It started in college. I didn’t really need a bag (or sac, as I would say when I lived in Montreal) in high school; I kept pens and whatnot in my locker, and simply carried my books under my arm. If (ha! when) I went out, I simply tucked my driver’s license and cash in my pocket, along with a house and/or car key.

But in college, well, no lockers. So I needed a bag—truly. I may have started with a backpack, but I think the first was a book bag, navy, canvas, with a large inner pocket, two smaller pockets,  a zippered flap covering those pockets, and a slot in the back for a magazine or newspaper. The strap was cotton, no cushion. I can even picture the store where I bought it, in the little mall by the Southeast dorms on the Madison campus.

Did I mention I still have this bag, complete with red anti-apartheid ribbon still wrapped around the strap?

There were more, of course. I’d go back and forth on the flap vs. no-flap, and between bags and backpacks. More pockets, fewer pockets; expandable, trim; large, medium, small; rugged, lightweight; easy access, security. A bag for every preference. Almost all of which I still own.

That I was (still am?) a hiker only added to the bag fetish: What was suitable for the trail was not so much for the library, and vice versa. And then it was about day hikes vs overnighters, frame vs frameless, more pockets, fewer pockets. And then the panniers for my bike. . . .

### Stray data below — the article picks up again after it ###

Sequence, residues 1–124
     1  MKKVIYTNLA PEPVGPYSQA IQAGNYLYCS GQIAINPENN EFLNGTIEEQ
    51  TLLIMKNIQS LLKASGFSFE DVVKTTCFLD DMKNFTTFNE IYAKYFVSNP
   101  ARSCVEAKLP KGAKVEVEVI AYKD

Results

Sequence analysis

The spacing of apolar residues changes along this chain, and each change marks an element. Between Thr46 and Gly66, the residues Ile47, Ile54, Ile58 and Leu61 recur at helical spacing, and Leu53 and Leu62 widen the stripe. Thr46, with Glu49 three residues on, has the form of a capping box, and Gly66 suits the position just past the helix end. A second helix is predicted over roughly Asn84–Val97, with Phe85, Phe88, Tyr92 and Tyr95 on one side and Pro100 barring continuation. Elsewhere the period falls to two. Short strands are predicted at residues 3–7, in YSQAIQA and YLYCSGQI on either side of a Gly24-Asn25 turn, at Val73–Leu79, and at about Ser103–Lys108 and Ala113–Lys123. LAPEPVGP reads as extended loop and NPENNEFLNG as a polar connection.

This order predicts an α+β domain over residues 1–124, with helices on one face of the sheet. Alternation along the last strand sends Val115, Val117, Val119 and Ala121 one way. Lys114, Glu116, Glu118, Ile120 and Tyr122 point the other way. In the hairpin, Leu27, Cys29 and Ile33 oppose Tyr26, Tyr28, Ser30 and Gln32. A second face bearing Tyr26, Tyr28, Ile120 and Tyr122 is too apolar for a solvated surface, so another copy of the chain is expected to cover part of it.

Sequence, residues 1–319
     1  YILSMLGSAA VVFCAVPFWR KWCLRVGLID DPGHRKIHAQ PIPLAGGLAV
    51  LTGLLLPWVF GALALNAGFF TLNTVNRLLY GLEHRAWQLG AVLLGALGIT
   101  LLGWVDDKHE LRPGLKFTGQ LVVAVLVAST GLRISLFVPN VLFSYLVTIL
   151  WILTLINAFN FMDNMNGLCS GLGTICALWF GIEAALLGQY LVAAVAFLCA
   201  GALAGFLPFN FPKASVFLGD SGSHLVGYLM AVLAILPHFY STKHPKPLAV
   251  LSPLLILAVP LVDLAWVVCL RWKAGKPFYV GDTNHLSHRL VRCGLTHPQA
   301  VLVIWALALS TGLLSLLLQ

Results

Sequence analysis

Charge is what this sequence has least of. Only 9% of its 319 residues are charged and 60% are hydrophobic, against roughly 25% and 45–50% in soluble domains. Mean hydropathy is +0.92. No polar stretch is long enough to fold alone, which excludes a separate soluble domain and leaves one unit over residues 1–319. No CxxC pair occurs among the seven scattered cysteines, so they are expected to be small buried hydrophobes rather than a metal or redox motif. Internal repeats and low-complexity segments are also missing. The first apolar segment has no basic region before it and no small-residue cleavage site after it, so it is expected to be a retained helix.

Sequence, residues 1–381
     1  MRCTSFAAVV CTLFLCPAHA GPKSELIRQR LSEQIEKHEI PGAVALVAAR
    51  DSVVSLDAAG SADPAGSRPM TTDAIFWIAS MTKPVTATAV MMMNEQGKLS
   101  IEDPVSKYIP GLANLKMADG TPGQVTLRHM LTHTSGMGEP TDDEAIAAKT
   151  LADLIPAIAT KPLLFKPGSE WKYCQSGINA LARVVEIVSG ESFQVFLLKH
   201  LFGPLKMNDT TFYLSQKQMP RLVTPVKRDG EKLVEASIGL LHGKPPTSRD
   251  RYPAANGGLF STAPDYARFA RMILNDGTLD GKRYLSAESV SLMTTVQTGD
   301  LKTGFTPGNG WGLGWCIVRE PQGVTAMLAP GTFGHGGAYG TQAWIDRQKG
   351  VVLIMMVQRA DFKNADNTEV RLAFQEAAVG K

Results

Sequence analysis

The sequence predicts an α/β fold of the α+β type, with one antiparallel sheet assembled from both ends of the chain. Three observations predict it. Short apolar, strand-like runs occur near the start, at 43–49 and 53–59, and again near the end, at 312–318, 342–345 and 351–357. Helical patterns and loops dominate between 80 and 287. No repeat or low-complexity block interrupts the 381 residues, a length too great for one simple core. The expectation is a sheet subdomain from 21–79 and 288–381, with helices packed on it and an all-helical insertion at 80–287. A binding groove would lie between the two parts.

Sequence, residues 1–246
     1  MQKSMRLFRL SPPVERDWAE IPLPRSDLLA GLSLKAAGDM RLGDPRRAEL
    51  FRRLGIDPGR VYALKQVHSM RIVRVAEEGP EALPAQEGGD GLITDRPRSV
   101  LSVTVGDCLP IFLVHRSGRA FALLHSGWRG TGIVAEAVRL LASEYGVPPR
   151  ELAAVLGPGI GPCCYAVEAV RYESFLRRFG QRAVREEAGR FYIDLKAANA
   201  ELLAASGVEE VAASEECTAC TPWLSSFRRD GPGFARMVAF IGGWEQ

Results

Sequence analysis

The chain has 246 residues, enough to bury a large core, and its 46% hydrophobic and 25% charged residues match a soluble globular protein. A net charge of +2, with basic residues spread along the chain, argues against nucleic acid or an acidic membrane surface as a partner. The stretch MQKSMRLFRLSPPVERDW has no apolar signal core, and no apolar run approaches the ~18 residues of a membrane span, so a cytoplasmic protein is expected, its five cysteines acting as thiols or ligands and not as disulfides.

Yes, I know there is No Perfect Bag, only the best bag for the occasion.

But still. I yearn for the bag which combines security for my wallet and keys with easy access for everything else, which is durable and lightweight, which has just enough but not too many pockets, which allows me to be organized and flexible and never ever ever hassled by the bag itself.

That I keep my bags (and no, I don’t know how many I own) helps me deal with my restlessness. When I tired of my 15 (or so)-year old Land’s End bag, I could switch to my five-year-old REI bag. But then I thought, well, I’m kinda in a backpack mood. But the packs I had. . . sadly, no, nothing was quite right.

I’ve had pretty good luck with the SwissArmy bag line (yeah, I know: brand-loyalty-is-for-suckers, but that’s simply a caution against mindless repurchasing, not experience), but couldn’t find one to fit my current needs: smaller, decent wallet security, good main space, with enough-but-not-too-much secondary space. I checked Staples (two of them!) and then an obscenely expensive bag store on Broadway and Ninth (?). Hell, I even popped over to KMart to peruse the packages.


I gave up, bought my Cortland apples at the Greenmarket, then headed to Target for cat food (and Oreos, if you must know).

And then I found it. A ‘woman’s’ bag, i.e., a bag meant for a smaller torso, in disgusting pink and reasonable blue. Not too big, not too small, juuuuuust right. And inexpensive, to boot.

So another infatuation begins.

If only I would spend as much time looking for dates. . . but then again, I don’t suppose I could just pile old boy- or girlfriends in my closet until I was ready for them again.